Polls have not been kind to Congressional Republicans recently. Across 15 polls spanning the month of December, Democrats led the generic Congressional ballot—which asks respondents whether they’d vote for a Republican or Democrat congressional candidate next year, without giving the names of specific candidates—in all of them, by double digits in nine of them, and by 15 points of more in three of them.
As a point of reference, Democrats led the generic ballot by 11.5 percent in 2006, when a wave flipped 31 GOP-held seats and flipped the House to Democratic control, and Republicans led by 9.4 points in 2010, the year of 63-seat tsunami. Democrats’ lead in December was significantly larger than either of those years.
Democrats need to swing 24 seats in order to flip the House and there are 23 Republicans in the House currently representing districts that Hillary Clinton won in 2016. And then there are these stats, helpfully reported by Vox’s Andrew Prokop:
[I]n addition to the 23 Republican-held districts Clinton won, there are:
- 30 Republican-held seats with a PVI of Republican+5 or below (essentially, the next plausible batch of targets in a pro-Democratic year)
- 31 Republican-held seats with a PVI of Republican+6 to Republican+8 (seats that could potentially be endangered in a really big wave)
- 30 Republican-held seats with a PVI of Republican+9 to Republican+10 (seats that would probably only be vulnerable to a tsunami-like wave, or in case of scandal)
Again, the magic number for Democrats is 24. So if there is a big wave in their favor, they’ll certainly have far more possibilities than that among these various groupings of seats.
The eye-popping poll numbers had Democrats thinking well beyond the magic number.
“You hear the party talking about 40 seats now,” the New York Times’ Jonathan Martin said on CNN’s Inside Politics. “It’s a long way until next year’s election, but you have people who are typically sober looking at a heck of a year next year in the House.”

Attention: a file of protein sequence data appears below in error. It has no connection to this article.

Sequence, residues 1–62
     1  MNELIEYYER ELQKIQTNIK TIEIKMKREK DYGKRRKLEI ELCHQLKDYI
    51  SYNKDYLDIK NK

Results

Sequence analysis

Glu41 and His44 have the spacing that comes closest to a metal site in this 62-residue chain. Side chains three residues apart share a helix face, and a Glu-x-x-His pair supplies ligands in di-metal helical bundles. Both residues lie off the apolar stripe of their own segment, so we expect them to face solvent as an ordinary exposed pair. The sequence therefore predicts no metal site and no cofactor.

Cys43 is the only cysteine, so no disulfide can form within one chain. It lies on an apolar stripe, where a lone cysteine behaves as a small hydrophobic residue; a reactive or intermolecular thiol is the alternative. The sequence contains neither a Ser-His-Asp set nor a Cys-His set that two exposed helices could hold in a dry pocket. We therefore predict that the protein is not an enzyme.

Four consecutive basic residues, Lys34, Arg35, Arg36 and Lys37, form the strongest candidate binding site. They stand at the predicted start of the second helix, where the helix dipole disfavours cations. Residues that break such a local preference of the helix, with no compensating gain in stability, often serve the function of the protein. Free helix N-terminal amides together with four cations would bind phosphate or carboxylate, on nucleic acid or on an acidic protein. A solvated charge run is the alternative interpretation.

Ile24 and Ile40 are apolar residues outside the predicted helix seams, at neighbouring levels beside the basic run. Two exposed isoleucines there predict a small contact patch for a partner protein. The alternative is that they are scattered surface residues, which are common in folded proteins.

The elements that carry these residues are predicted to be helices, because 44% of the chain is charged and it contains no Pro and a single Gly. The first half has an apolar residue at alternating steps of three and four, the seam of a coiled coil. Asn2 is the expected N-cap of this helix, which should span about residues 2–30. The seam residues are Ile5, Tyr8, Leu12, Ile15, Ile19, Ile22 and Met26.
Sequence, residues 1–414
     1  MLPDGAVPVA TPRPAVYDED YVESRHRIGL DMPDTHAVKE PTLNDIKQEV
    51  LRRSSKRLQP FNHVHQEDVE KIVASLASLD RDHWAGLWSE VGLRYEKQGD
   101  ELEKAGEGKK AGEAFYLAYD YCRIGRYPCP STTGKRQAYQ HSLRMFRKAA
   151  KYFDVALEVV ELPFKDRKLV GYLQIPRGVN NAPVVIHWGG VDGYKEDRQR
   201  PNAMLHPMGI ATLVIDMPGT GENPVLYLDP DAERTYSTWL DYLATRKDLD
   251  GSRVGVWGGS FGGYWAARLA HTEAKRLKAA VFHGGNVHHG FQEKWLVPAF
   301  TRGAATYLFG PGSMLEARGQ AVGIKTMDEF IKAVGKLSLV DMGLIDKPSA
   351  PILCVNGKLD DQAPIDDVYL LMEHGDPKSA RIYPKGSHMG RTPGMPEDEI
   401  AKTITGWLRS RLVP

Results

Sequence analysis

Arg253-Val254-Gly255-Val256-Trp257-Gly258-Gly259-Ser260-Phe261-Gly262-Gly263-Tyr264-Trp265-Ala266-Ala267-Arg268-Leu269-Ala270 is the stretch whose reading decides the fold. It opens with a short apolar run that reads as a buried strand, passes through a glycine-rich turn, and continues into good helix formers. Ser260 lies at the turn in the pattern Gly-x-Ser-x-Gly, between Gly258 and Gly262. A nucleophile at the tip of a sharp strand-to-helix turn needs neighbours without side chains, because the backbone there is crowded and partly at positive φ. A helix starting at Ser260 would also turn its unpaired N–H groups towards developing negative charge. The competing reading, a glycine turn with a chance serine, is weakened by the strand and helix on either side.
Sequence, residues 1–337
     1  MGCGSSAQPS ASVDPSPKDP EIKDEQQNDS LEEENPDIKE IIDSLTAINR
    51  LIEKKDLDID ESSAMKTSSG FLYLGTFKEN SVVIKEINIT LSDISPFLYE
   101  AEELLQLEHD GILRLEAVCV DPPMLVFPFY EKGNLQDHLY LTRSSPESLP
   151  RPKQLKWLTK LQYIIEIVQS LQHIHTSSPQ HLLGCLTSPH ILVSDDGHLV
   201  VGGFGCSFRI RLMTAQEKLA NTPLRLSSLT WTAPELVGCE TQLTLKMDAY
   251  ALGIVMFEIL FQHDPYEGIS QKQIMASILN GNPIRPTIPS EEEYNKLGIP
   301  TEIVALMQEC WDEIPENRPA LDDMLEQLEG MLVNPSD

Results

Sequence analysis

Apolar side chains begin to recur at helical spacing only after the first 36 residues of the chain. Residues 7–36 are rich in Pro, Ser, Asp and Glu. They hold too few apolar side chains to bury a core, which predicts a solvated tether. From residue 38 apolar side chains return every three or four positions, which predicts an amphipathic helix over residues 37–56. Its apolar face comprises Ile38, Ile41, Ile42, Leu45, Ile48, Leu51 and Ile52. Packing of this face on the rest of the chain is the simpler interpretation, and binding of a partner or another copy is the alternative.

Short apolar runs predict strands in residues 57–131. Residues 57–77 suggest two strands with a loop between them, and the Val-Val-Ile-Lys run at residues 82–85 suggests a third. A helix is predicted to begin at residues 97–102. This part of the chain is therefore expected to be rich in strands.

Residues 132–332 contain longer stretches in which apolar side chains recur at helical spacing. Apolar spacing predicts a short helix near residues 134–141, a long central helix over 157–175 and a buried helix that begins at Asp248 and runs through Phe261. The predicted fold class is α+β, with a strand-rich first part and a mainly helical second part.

Then tax reform happened. And suddenly Democrats’ comfortable double digit lead evaporated, replaced by leads hovering around the 5-point mark. Take the latest CNN poll as an example of the trend. The poll found that Democrats held a 49-to-44 percent lead over Republican, which “represents a large shift from CNN polls conducted in the past three months, in which Democrats held double-digit advantages over the Republicans.”
Just as important, the poll found a significant shift among independent voters. Previously those voters broke heavily in Democrats’ favor, but the latest poll found “independents have grown more positive toward Donald Trump, and now split almost evenly on the generic ballot: 45% for the Republican in their district to 42% for the Democrat.”
For Republicans, that still leaves a significant gap left to make up before Election Day, but strong job growth, economic optimism and a relative lack of foreign entanglements should create positive momentum. And then of course there’s the bumbling Democrats, who, as Edward Morrissey writes for The Week, are busy trying to find a way to screw this up for themselves:
Rather than adjusting to the reality of these tax cuts, Democrats have tried telling taxpayers that they can’t believe their own eyes — or bank accounts — when it comes to finding benefit in these developments. House Minority Leader Nancy Pelosi called an additional $2,000 in bonuses “pathetic … crumbs” last week, a little over six years after calling a $40 uptick every two weeks from the 2011 budget compromise “a victory for the American people.” For those who see $2,000 as a windfall, the “crumbs” remark sounds awful, a form of snobbery that will only play well among the Beltway elite. …
Imagine what will happen when the impact of the tax cuts actually hits American paychecks. The cognitive dissonance between Democratic hyperbole and personal voter experience will be massive. And in a country where “it’s the economy, stupid” still acts as one of the best predictive models for voter behavior, that dissonance will get felt in the same places where Democrats have been on the retreat: the middle-class, middle-America districts that have gone red for nearly a decade at all levels of electoral politics. That would leave Democrats with the same coastal-urban enclave footprint they have now.
Democrats are notorious for letting their arrogance get in the way of a surefire political win, and their snobbishness from being in touch with average Americans. If anything, the election of President Trump—which Democrats seem to believe alleviates the need for any attempt to broaden their base of support—is worsening these tendencies.
The fact remains that Republicans are still not polling where they need to be. But there’s a long time to go between now and Election Day and positive reforms like the tax bill have the power to erase the gap.
Photo credit: House GOP Leader